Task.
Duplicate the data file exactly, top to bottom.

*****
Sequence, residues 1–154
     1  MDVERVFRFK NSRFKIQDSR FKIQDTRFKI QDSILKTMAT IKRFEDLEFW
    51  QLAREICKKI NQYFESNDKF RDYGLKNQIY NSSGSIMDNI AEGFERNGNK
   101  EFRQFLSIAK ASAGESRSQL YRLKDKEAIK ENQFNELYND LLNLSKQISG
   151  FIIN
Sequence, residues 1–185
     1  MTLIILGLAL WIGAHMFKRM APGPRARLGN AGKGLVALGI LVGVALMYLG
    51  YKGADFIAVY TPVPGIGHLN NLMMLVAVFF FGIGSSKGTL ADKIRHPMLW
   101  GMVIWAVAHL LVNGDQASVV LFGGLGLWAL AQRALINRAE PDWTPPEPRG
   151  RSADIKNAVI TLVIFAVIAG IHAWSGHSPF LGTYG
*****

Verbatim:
Sequence, residues 1–154
     1  MDVERVFRFK NSRFKIQDSR FKIQDTRFKI QDSILKTMAT IKRFEDLEFW
    51  QLAREICKKI NQYFESNDKF RDYGLKNQIY NSSGSIMDNI AEGFERNGNK
   101  EFRQFLSIAK ASAGESRSQL YRLKDKEAIK ENQFNELYND LLNLSKQISG
   151  FIIN
Sequence, residues 1–185
     1  MTLIILGLAL WIGAHMFKRM APGPRARLGN AGKGLVALGI LVGVALMYLG
    51  YKGADFIAVY TPVPGIGHLN NLMMLVAVFF FGIGSSKGTL ADKIRHPMLW
   101  GMVIWAVAHL LVNGDQASVV LFGGLGLWAL AQRALINRAE PDWTPPEPRG
   151  RSADIKNAVI TLVIFAVIAG IHAWSGHSPF LGTYG